Blissfully Informed Hippie Chick

Encouraging people to think critically about everything.


on December 31, 2015

I dislike them.

Many years of unexpected changes have taught me that a year is a lot of opportunities for things to go “not as planned”. I know that, in a year, I’ll be changed. My goal is more mindfulness of each moment instead of living with my eyes set on some distant “prize”.

Mindfulness is a state of active, open attention on the present. When you’re mindful, you observe your thoughts and feelings from a distance, without judging them good or bad. Instead of letting your life pass you by, mindfulness means living in the moment and awakening to experience.



Here’s the real story behind the well-documented failure of New Year’s resolutions: We don’t develop self-destructive behaviors because we’re weak, or because “they just became a habit,” or because everyone around us was doing them, or because of our neurobiology or heredity. The meaning of these behaviors is unconscious and we develop them because they serve unconscious beliefs and needs. These beliefs and needs are important, albeit unconscious, building blocks of our identities. They provide a sense of unconscious safety, and changing them is unconsciously experienced as dangerous.



Many of us face memories of our past that we may regret. We are human and humans are fallible. Personal intelligence allows us to see ourselves and others with greater fidelity—and this fidelity includes an understanding of our own fallibility. Seeing ourselves clearly isn’t always easy. Information about who we are is “hot” and emotionally charged—that heat can warm or scald us. We may focus on a personal flaw so much that we lose perspective on the broader contours of life. It’s easy to turn away at times, and indeed, we all do. Yet if we work over time to learn a bit more about ourselves we may become more accurate at self-understanding and this, in turn, can help us change for the better. Because although many aspects of our personalities persist over time, there is also opportunity for change.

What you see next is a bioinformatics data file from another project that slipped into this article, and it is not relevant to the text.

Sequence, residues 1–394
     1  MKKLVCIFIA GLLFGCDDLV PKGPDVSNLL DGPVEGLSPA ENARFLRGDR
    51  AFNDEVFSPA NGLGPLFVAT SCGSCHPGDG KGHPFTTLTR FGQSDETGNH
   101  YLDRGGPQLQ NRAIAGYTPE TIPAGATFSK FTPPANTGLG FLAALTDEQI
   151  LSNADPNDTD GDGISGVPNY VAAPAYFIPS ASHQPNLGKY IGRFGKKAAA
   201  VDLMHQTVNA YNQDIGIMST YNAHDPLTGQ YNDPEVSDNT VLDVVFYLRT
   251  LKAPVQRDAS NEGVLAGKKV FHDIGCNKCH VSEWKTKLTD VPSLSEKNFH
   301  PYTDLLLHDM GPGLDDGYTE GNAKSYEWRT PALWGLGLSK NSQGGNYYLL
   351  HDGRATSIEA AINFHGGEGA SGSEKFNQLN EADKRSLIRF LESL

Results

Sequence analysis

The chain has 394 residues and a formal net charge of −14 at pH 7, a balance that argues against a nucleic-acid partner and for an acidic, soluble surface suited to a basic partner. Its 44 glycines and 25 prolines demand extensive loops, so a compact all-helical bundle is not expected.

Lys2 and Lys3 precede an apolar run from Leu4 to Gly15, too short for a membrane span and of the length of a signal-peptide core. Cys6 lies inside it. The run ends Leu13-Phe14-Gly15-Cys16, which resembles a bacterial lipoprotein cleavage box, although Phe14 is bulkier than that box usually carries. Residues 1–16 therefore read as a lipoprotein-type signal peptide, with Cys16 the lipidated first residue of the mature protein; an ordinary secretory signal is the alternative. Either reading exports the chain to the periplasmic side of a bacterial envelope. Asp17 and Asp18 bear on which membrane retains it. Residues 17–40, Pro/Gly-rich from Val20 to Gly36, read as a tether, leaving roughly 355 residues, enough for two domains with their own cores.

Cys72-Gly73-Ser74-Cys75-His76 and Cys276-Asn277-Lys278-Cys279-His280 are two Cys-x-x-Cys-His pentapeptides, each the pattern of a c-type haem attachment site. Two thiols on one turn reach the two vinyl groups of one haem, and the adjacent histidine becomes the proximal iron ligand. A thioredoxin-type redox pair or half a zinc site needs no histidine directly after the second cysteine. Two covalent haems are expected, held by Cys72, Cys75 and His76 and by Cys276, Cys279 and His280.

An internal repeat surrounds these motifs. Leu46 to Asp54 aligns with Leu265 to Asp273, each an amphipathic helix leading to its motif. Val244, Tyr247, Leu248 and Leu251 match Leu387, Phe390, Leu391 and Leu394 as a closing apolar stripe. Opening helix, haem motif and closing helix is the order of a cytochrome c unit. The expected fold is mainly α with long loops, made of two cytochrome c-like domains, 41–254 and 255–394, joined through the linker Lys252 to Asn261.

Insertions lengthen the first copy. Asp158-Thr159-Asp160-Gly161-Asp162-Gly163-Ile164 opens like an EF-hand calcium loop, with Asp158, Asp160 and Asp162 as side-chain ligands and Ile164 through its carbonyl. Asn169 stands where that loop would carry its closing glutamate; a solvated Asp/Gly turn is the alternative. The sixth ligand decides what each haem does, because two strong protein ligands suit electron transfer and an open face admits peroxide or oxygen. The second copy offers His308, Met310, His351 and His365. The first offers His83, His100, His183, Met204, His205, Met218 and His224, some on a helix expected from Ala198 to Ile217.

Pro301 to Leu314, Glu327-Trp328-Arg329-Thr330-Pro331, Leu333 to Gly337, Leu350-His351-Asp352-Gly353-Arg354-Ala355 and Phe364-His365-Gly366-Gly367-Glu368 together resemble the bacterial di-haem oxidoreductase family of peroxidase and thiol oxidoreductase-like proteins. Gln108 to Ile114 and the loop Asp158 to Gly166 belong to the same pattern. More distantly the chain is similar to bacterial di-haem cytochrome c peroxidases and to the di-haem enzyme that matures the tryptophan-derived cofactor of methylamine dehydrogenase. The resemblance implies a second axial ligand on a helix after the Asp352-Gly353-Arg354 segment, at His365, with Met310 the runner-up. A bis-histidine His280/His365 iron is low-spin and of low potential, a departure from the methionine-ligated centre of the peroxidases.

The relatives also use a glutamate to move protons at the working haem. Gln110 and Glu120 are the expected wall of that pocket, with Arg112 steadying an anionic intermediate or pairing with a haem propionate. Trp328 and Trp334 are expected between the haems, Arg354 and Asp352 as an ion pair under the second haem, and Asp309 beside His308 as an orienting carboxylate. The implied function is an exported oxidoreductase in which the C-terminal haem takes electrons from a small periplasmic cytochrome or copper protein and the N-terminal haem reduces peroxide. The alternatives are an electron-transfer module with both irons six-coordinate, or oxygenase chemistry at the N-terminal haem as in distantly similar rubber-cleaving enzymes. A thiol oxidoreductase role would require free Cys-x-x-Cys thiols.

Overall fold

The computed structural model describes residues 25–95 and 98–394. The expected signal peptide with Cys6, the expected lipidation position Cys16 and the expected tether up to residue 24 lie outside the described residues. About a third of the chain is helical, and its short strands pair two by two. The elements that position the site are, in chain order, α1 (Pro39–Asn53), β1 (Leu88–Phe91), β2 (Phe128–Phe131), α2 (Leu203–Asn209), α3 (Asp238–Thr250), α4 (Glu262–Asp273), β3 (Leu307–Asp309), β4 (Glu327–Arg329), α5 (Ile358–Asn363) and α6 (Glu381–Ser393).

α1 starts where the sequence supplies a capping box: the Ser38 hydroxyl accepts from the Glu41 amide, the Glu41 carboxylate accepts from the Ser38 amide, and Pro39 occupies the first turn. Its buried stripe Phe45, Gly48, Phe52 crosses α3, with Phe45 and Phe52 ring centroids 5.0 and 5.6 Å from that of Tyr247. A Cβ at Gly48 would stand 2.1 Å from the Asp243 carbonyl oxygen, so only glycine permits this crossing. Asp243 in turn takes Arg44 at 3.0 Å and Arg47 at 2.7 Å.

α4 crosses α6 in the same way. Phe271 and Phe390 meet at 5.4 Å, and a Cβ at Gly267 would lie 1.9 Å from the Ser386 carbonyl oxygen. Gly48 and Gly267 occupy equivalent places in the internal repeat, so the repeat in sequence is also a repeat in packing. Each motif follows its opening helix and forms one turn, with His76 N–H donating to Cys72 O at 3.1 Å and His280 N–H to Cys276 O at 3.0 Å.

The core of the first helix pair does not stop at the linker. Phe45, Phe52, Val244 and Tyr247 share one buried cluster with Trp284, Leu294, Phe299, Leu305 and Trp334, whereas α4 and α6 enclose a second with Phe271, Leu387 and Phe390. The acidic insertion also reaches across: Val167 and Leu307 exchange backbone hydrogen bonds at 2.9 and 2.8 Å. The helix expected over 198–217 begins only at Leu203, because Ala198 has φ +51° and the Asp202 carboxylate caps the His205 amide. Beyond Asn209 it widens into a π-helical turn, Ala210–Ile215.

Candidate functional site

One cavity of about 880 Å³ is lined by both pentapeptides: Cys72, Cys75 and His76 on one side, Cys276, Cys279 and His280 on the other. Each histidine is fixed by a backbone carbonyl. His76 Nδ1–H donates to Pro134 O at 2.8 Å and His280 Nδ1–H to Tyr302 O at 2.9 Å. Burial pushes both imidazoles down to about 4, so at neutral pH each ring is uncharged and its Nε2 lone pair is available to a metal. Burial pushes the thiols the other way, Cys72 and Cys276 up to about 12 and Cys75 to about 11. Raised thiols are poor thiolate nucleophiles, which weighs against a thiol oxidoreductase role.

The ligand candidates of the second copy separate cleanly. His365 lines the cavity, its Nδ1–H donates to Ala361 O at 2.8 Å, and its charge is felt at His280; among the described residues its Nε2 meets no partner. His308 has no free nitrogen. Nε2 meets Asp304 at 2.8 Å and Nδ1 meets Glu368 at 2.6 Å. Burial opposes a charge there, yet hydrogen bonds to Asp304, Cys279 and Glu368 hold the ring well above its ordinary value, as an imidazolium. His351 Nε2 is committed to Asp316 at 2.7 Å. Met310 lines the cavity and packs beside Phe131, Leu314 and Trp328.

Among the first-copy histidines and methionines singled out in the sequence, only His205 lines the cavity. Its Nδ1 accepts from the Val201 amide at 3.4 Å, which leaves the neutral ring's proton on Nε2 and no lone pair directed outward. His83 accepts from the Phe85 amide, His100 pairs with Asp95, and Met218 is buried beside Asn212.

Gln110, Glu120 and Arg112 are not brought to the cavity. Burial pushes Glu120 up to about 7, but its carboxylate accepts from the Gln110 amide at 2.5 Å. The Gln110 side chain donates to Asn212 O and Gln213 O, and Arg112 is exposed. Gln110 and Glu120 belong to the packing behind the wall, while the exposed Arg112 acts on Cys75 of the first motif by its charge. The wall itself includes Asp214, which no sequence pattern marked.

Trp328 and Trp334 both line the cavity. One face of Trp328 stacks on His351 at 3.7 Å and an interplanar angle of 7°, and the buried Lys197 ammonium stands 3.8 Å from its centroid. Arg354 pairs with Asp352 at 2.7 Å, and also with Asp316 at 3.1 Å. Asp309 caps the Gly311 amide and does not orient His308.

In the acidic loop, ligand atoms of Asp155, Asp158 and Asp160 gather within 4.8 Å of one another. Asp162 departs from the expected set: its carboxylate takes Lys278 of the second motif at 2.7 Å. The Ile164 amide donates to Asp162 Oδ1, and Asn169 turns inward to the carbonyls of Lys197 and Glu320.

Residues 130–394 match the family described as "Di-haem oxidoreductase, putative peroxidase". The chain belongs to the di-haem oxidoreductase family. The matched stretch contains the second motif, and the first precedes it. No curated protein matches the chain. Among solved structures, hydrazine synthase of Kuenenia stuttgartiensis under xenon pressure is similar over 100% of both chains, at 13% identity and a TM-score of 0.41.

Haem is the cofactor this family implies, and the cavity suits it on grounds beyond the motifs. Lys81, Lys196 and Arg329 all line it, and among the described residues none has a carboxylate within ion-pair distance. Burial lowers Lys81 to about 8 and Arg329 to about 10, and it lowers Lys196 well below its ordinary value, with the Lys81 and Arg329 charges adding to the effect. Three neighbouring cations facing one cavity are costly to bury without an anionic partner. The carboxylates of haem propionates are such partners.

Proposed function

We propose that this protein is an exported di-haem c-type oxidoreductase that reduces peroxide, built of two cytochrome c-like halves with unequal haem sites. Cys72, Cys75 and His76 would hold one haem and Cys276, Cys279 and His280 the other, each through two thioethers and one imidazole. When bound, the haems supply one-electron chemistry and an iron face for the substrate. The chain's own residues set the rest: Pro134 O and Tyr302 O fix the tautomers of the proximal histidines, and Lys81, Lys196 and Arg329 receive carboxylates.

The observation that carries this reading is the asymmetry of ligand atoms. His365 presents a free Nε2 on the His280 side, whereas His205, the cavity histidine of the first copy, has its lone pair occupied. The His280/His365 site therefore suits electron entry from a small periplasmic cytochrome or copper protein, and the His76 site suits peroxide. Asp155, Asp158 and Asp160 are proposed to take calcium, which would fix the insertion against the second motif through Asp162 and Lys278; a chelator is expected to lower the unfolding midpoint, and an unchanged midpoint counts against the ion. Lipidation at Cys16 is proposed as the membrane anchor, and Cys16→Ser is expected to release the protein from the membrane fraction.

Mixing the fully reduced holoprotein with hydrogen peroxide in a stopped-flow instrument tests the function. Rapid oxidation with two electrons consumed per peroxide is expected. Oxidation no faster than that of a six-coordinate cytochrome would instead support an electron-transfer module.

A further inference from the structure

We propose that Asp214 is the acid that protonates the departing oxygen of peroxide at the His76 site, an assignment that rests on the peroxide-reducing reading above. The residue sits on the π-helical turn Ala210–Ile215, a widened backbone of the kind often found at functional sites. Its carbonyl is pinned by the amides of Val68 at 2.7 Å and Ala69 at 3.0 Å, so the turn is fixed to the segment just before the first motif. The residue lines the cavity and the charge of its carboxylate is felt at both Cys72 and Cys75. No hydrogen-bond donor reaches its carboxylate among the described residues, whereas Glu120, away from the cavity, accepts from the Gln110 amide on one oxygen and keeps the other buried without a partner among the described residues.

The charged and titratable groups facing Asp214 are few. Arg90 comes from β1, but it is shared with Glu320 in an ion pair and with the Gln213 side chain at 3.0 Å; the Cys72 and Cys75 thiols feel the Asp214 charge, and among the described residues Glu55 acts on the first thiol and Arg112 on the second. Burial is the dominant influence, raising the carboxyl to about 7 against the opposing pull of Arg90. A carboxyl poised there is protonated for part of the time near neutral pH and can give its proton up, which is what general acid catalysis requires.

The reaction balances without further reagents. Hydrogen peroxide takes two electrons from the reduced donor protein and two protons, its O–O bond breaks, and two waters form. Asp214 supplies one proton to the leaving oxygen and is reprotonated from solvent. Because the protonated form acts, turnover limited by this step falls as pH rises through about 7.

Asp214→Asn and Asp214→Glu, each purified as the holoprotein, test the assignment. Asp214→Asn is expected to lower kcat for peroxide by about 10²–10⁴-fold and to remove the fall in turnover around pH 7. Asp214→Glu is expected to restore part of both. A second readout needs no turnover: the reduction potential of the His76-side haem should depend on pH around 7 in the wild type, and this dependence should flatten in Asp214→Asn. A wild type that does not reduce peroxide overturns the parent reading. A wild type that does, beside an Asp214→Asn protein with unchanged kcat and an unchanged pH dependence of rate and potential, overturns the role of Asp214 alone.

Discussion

If you’re going to resolve to do anything this year, resolve to know yourself more fully and be present in whatever situation you find yourself. Those are the two greatest opportunities for growth and change.


3 responses to “Resolutions…

  1. Last year I used a different mind set. Instead of making a resolution to not drink again, I made a commitment to myself to not drink for the entire year of 2015. I have had binge drinking issues since I can remember and for me drinking was about escaping pain. (Not that I was always conscious of that reason.) The drinking to excess, is something I knew/know would and will be a serious health detriment if the behavior doesn’t stop so it was important to me to find a way to put it aside or at least on hold.

    I used a year’s time for psychological reasons. If I forbid myself something forever I will want it the next moment. So to tell myself I am committing to NEVER drinking again wouldn’t work and I knew it. The year was doable to me psychologically and a small challenge. Here we are, a year and a few hours later and I made it.

    Reading your post, I also realized that through the year I was able to take notice of the times I craved or felt like I wanted to have a beer (or actually five). And in not giving in to it, I was able to see much more clearly that which was driving me to want it or crave it. But I also didn’t spend a whole lot of time thinking about it and I’d distract pretty quickly after feeling and noticing.

    I learned a little but my main goal was to make it to a finish line…which I did. But now as I write this, it occurs to me to make the same commitment to myself…not drink for the year of 2016 and add to it…to take notice and then sit and do some mindfulness practice…like a meditating body scan or something like that when the craving or drive for alcohol hits. So I can learn even more.

    Happy New Year to you and your family.

    Liked by 1 person

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